Kelleher also weighed in as a Cranston Public Schools parent, as she has a younger student in Cranston as well, stating that she was frustrated that Cranston was chosen, given that it is the hometown of her former gubernatorial opponent, and potential future opponent, Mayor Allan Fung. She additionally questioned the choice of Cranston High School East instead of Cranston High School West for the rally.
"I have to wonder if she chose Cranston East, instead of West, because she perceives those students to be lower income, making the idea of 'free college' that much more enticing. I take offense to her calling this program the 'ticket to the middle class,'" she said. "Does this mean the East students are all currently considered lower class? What about our kids heading to the military or into a vocational school or career? This certainly isn't helping our kids strive to be their best, when their aim is to be in the middle."
Superintendent of Schools, Jeannine Nota-Masse said in an interview that the district has always welcomed, and continues to welcome, honored guests who wish to visit the schools.
"The governor's office contacted the district to visit our high school to discuss the college tuition plan. We respect the office of the governor and accommodated her request to discuss this educational initiative," Superintendent Nota-Masse said. "She, like other elected officials, have met with students during the school day in years past, and in schools throughout the state. We often have guest speakers, such as community members, athletes, etc., who visit our schools to meet with children during the day."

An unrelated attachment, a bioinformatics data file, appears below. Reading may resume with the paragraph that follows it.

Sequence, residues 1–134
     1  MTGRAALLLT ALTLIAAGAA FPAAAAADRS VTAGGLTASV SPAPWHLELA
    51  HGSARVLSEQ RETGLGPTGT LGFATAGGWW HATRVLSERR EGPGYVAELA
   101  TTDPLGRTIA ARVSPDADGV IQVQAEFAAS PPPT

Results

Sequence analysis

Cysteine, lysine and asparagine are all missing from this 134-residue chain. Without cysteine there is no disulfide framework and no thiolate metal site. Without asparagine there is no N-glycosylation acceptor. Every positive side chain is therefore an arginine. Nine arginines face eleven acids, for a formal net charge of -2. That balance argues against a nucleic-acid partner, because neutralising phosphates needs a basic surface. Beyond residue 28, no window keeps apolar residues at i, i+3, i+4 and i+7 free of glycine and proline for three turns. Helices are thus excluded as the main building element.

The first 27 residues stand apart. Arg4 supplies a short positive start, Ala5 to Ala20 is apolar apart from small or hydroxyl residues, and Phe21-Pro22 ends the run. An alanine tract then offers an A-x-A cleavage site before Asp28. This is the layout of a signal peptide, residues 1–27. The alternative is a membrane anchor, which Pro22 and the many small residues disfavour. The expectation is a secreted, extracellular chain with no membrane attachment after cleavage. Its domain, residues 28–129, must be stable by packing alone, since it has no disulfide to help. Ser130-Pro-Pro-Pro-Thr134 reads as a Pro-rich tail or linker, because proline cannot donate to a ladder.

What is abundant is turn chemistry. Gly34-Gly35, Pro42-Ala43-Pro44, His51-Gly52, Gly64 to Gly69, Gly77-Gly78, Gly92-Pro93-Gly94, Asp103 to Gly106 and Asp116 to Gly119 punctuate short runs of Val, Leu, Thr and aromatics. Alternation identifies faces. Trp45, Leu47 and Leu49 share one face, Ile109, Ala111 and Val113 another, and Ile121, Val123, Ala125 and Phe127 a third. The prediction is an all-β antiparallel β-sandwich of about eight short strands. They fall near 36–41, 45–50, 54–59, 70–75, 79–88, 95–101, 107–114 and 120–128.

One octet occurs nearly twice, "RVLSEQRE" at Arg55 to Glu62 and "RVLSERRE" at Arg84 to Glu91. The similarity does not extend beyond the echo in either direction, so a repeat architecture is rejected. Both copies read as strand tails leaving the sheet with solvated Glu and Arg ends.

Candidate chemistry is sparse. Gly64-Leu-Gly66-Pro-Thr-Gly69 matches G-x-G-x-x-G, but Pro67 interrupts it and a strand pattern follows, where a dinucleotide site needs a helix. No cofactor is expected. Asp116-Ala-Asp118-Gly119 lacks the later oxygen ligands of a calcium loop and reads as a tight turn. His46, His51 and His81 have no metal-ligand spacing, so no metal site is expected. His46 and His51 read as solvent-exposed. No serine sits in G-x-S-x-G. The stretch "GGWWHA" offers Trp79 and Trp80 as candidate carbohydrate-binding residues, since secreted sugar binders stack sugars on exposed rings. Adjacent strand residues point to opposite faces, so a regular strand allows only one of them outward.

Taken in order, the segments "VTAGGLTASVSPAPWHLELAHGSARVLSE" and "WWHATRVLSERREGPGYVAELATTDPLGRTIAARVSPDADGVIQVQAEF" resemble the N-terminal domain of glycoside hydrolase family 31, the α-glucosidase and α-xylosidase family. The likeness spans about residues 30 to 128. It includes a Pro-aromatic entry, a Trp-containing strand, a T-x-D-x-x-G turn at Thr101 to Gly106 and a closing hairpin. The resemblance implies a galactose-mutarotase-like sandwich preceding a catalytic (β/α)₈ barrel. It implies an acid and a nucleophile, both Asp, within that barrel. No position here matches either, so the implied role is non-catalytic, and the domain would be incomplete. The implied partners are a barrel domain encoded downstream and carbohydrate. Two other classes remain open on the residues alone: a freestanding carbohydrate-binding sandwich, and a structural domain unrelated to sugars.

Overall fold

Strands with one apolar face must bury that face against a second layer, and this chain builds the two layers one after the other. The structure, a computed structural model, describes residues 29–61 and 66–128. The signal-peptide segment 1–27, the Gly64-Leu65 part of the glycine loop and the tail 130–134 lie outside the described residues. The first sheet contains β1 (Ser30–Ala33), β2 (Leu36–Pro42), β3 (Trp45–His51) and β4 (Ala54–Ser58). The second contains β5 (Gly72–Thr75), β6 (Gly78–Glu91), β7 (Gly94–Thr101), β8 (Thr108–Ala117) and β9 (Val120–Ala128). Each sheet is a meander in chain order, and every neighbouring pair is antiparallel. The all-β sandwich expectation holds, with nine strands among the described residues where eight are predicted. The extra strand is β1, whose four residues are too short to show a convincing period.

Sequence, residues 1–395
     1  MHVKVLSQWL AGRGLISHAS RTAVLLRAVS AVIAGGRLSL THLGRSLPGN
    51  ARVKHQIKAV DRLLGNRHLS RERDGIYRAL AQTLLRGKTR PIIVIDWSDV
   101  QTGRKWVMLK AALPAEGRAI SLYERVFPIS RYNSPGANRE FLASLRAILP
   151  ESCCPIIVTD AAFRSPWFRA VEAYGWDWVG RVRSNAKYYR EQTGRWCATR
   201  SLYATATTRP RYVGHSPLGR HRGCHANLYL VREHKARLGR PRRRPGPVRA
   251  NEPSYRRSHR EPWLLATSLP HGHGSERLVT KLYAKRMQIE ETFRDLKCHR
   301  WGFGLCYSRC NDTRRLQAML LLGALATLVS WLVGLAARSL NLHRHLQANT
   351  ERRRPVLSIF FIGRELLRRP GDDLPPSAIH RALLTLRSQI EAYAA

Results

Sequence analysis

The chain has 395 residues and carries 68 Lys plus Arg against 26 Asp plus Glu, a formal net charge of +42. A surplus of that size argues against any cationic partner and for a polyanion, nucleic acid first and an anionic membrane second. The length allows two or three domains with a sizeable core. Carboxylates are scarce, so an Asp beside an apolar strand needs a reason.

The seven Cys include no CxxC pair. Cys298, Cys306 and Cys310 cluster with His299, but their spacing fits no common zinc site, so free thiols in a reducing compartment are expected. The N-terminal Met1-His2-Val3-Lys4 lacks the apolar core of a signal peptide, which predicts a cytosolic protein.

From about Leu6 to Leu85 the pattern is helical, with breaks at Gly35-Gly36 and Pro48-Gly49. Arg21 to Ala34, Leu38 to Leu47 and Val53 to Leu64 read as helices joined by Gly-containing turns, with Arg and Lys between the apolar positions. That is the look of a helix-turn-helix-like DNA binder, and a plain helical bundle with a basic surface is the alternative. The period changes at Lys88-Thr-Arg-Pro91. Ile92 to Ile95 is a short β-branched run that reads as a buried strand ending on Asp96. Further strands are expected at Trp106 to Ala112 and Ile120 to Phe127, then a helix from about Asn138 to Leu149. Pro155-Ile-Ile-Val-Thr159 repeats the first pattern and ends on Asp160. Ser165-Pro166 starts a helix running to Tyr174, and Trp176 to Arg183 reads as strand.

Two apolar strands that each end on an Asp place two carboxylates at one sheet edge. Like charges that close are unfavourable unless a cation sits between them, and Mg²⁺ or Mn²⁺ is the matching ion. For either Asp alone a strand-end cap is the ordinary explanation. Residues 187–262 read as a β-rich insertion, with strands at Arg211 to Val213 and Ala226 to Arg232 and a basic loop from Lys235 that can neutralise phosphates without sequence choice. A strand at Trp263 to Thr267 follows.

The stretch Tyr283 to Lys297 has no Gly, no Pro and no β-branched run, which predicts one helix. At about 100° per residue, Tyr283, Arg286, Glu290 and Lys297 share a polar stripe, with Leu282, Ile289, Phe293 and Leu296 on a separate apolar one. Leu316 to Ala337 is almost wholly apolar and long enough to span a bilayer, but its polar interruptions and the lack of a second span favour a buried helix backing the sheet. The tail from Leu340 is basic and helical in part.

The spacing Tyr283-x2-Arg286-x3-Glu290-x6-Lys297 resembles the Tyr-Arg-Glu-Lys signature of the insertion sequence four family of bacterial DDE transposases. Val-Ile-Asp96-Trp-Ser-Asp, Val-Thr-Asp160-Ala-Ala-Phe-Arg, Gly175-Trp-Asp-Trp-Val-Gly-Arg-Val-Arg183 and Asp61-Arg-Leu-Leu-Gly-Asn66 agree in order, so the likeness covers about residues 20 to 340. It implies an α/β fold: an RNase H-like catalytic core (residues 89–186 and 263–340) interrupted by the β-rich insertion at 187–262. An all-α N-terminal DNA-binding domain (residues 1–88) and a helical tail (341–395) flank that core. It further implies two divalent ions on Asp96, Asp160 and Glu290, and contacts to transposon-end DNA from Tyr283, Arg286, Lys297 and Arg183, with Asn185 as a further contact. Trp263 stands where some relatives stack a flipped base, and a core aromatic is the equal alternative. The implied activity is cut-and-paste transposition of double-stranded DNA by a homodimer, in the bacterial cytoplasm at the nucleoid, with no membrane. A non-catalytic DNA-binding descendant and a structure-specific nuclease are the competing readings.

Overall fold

Domenic Fusco, parent of two Cranston East students, one who will graduate in June, and one freshman, was at the event in a dual role, both as a parent and as a Cranston Ward Three School Committee member.
"I got the invitation to attend at the last minute," said Fusco. "I wanted to be there both as a parent and as a school committee representative, in the hopes of getting some details and some information about this proposal. I had a lot of questions. I wondered where the funding was coming from and I was looking for those types of details, knowing that it can't just be that we're able to pay for everyone's college tuition for two years."
Although Fusco attended the event looking for those types of answers, he left still unsure about how the proposal will be paid for, but he's continuing to pursue the answers he needs, and he stands behind his promise to keep the best interest of Cranston students in mind.
"If the funding of this proposal takes anything away from our Cranston students, anything away from K-12 funding, I will fight this to the very end."